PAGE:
Warschau KZ

In May 1943, the Warsaw ghetto was defeated by the nazis and the ghetto was more or less in ruins. In order to clean up the ruins of the ghetto, a concentration camp was set up in the summer and named KL Warschau. Within the camp there was already an existing prison called Gesiowka but this proved to be far too small. In order to expand the camp with barracks, prisoners were collected from among others. Germany and Auschwitz. When the camp was completed, it had a capacity of about 5,000 prisoners. The commander of the camp was SS-Obersturmbannführer Wilhelm Göcke and then SS-Hauptsturmführer Nikolaus Herbet. There were another 4 camps/prisons nearby called Kolo, Bonifratska, Zachodnia I and II but which together with Gesiowka came to be KL Warschau.

In April 1944 the camp was submitted to Majdanek’s organization. In the spring of 1944, the Germans began to build a crematorium, but even though it was completed in the summer of 1944, it was never used because the germans began evacuating the camp in late July 1944. Until then, dead prisoners had been cremated over open fires. About 1800 prisoners who were too sick to be evacuated were murdered while about 4000 prisoners were forced away on a Death march and later ended up in Dachau. Hundreds of prisoners were left in the camp and these were freed in connection with the Warsaw Uprising. Several of these prisoners then joined the Polish home army and participated during the remaining Warsaw uprising. The camp was completely destroyed during the uprising. An estimated 20,000 people died during the camp.

Current status: Demolished with monument (2015).

Location: 52°13'26.14" N 20°58'05.69" E

Get there: Car.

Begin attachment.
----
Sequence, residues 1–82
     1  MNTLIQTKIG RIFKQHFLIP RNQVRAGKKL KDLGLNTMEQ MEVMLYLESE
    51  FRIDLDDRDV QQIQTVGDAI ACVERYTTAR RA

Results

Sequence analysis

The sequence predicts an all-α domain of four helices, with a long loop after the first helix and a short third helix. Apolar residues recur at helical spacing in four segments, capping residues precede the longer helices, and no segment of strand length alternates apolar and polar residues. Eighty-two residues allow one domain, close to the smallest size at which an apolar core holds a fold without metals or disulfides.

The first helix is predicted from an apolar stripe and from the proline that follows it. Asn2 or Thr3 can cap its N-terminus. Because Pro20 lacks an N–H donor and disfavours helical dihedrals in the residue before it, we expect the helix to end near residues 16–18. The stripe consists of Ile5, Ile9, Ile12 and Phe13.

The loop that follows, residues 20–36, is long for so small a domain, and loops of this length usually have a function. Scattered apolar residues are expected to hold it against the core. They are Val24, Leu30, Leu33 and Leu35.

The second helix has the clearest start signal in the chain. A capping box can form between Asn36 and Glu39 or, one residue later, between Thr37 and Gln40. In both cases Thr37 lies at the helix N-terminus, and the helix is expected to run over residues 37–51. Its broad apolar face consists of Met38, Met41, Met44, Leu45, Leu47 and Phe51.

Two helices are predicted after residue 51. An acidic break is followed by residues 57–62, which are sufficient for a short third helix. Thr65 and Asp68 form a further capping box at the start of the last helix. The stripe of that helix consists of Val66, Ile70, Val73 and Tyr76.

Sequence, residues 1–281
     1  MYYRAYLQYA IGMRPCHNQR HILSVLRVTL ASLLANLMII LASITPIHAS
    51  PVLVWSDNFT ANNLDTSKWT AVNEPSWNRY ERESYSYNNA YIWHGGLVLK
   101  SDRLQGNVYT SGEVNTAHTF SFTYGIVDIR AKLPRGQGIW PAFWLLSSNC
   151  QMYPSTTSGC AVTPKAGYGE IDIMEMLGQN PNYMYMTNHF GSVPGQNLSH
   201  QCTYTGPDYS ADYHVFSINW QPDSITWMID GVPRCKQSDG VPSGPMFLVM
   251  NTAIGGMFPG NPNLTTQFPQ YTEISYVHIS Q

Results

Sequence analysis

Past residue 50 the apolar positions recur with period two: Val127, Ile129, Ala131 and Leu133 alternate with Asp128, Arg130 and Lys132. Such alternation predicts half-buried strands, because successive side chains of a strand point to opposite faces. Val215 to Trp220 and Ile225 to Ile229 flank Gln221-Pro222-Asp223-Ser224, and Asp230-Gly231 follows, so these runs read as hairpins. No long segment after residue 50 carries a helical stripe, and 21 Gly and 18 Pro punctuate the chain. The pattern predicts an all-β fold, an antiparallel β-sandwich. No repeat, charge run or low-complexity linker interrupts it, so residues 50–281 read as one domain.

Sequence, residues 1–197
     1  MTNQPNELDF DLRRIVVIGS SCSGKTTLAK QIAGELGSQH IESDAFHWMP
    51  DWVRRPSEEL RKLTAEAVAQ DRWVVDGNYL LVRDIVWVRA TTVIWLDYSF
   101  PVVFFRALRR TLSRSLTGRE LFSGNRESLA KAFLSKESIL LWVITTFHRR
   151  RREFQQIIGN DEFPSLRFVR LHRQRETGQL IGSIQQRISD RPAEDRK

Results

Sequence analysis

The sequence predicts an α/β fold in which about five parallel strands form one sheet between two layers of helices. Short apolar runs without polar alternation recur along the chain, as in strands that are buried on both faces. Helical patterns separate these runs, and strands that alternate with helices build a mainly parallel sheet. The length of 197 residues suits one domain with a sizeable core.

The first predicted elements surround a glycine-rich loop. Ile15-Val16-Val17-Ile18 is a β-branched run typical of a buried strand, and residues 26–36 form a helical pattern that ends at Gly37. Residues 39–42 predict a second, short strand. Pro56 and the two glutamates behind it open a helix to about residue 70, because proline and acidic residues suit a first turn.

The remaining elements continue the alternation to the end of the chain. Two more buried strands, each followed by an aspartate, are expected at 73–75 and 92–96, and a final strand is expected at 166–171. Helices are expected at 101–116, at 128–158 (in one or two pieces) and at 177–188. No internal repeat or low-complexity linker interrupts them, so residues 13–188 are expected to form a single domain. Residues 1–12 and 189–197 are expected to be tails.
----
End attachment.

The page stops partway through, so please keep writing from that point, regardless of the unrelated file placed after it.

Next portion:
My comment:

Apart from some ruins at Kolo, there is nothing left of the five camps. KL Warschau (Zachodnia) is also connected to a huge gas chamber (630 square meters) that must have been established in a tunnel (Bema tunnel) near the Zachodnia station. Witnesses claim that thousands of Poles were murdered in the tunnel, but the gas chamber is controversial in the sense that it is doubtful whether it existed. Critics argue that the gas chamber design differs from those built by the Nazis because this one was both large and had high ceiling. The gas chambers that the Nazis built in the extermination camps were significantly smaller and had significantly lower roofs. After the war, the tunnel was opened to traffic. Some theories claim that the ventilation equipment that existed to air out of the gas chamber was scrapped in connection with a renovation of the tunnel in the mid-nineties. At the monument at Zachodnia, the camp is called an extermination camp, but around this there are, as I said, divided opinions. Moreover, it is highly unlikely, given its strong connection to the Jewish holocaust, that it can be used in other contexts.

Follow up in books: Davies, Norman: Rising ’44: The Battle for Warsaw (2004).